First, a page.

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Keep Your Baggage With You (at all times)

Jonathan Blitstein's engaging yet problematic new play tracks the rift in the relationship between two old friends. logo
Dan Abeles and Nate Miller in
Keep Your Baggage With You (at all times)
(© Samantha Soule)
Friends are not forever -- at least, that's the case for the characters in Jonathan Blitstein's Keep Your Baggage With You (at all times), an engaging yet problematic new play at Theatre for the New City, being presented as part of the Dream Up Festival.

The play tracks the rifts in the friendship between Greg (Nate Miller) and Dave (Daniel Abeles), who grew up together but find their adult relationship increasingly strained. In the first scene, set at a diner in December 2006, the two are out with Dave's girlfriend Julie (Laura Ramadei). Their dialogue is warm and amicable, and while Greg does make a couple of sexist remarks that foreshadow things to come, at this juncture they still fall within the spirit of friendly banter, and are received as such.

Successive scenes leap forward in time, sometimes by months, and occasionally by years. Greg gets a girlfriend, Ashley (Molly Ward), and then Dave and Greg successively lose their girlfriends. These experiences change both men, but not at the same time, and ultimately in diametrically opposed directions.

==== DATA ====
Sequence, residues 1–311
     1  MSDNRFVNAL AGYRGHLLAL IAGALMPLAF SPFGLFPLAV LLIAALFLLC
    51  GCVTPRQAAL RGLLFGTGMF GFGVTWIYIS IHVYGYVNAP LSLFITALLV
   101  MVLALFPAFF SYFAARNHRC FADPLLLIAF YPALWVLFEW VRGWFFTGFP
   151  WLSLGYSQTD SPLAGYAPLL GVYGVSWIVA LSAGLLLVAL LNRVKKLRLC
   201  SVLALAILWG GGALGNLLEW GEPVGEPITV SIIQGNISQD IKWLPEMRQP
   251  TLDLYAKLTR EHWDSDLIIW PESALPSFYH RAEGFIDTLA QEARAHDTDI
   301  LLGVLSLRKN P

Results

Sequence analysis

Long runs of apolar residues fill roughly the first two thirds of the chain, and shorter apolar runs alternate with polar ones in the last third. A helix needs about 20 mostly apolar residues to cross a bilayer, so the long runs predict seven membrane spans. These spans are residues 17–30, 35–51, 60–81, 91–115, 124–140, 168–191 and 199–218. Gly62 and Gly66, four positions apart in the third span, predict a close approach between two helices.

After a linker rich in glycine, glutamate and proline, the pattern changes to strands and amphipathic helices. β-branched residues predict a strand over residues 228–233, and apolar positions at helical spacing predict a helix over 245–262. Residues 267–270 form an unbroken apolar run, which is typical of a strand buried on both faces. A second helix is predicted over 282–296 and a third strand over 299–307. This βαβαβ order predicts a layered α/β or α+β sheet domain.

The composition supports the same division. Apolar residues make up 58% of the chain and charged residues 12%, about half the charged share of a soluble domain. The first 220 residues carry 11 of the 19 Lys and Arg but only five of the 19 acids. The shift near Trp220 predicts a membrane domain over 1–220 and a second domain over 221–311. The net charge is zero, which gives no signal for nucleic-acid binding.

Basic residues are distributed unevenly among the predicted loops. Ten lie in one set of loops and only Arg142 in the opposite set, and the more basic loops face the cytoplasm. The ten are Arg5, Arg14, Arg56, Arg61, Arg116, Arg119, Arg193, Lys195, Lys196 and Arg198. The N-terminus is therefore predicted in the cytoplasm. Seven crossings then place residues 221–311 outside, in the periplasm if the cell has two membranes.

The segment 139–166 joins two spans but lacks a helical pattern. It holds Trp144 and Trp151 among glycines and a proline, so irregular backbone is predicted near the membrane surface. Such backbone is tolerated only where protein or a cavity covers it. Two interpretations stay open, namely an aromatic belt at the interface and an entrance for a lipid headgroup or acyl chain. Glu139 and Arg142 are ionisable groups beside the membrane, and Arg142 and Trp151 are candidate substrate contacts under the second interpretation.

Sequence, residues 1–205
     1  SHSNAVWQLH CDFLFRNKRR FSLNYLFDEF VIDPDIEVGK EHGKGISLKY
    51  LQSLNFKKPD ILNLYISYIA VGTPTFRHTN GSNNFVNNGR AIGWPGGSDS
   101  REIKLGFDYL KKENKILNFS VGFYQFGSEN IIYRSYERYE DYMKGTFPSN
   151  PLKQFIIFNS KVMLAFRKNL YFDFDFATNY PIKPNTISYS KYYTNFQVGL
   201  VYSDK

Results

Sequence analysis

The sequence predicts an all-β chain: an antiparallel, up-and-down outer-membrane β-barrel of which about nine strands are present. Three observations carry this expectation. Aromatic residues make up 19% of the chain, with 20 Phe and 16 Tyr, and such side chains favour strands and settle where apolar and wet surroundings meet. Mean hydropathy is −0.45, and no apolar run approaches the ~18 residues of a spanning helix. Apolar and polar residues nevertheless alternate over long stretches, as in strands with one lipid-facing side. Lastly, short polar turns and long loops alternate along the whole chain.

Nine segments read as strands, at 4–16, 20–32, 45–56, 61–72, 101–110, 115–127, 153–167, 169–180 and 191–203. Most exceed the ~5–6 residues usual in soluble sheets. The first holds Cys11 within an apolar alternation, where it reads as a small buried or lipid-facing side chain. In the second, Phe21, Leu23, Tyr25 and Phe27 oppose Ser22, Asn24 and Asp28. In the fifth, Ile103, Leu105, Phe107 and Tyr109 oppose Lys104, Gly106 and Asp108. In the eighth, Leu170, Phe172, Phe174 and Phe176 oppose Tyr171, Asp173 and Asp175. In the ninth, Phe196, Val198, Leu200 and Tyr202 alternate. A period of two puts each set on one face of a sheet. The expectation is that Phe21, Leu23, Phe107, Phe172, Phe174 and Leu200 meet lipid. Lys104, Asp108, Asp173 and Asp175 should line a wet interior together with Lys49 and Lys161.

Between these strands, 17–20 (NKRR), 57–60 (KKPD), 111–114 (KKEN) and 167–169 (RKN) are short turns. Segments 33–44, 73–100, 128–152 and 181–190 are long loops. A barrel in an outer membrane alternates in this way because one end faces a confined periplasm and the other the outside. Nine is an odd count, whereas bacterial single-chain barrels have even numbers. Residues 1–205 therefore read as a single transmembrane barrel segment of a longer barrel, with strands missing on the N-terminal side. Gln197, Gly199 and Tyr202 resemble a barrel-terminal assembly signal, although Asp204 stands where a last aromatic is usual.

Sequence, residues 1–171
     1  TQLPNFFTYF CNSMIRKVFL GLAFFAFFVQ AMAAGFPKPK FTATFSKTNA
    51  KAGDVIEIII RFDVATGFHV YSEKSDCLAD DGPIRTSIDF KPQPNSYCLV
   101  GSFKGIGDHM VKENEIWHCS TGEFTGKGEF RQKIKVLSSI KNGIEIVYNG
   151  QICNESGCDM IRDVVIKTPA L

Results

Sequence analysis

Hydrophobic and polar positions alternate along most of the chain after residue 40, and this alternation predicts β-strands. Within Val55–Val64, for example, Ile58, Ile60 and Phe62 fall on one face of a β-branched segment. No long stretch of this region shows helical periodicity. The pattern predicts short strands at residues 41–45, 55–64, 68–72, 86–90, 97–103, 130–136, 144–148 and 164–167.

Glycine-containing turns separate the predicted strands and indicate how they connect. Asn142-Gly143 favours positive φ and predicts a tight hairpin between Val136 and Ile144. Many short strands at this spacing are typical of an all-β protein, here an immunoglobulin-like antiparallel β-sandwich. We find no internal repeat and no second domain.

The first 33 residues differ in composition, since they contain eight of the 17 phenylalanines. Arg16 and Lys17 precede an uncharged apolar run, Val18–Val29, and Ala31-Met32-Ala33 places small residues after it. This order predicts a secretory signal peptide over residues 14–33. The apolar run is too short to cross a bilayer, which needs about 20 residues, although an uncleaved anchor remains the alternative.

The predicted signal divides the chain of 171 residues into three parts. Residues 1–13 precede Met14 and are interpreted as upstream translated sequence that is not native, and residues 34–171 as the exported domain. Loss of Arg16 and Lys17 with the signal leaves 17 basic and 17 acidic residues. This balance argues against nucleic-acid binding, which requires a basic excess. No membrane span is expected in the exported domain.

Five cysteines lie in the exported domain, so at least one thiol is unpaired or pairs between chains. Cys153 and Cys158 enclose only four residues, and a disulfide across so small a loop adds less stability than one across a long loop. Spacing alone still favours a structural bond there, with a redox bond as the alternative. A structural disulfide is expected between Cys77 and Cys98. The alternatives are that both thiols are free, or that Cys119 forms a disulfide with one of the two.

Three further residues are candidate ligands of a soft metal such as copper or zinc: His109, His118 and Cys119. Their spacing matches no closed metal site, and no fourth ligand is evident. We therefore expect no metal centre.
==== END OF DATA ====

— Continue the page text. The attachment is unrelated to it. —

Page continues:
An encounter between Greg and Ashley, post-break-up, is one of the most compelling scenes in the play, as well as the most vexing. Previously, Greg had tried to do all the right things, was sensitive to her emotional needs, and almost lost his job because he traveled out to Virginia to take care of her sick brother. Ashley, who had left Greg to embark upon a lesbian relationship that also failed, tells him flat-out that he's too feminine, and that "if you want to attract straight women, you have to act like a man."

The scene, while admittedly funny, seems to reinforce fears of the castrating lesbian, and provides justification for Greg's blatantly misogynistic turn in the next scene, as he follows her advice with rather unpleasant results. "What happened to you?" asks Dave, whose own development following his break-up with Julie involved a promiscuous phase before getting further in touch with his own feelings.

Miller starts out with a certain amount of charm which he slowly loses as the play progresses, and Greg becomes more and more unlikable. Abeles is good at emoting with his eyes, particularly when Greg seems to dominate their actual verbal exchanges. Ramadei isn't really given enough to make a substantial impression, while Ward does wonders with the little she does have to make for a captivating and surprisingly complex characterization.

Director Daniel Talbott keeps the momentum of the piece running at a good pace, and with set designer Eugenia Furneaux-Arends, exposes the backstage of the theater, so that costume racks and dressing tables are visible at all times, as are the actors and stagehands who are not in a particular scene in the play. But this choice, while certainly noticeable, doesn't seem to add anything of value to the production.

Similarly, the playwright's decision to end with a flashback scene between the two women helps to round out their characters, but abruptly shifts the focus from what had up until that point been Greg's journey, and makes Blitstein's intentions for both this scene and the entire play frustratingly unclear.

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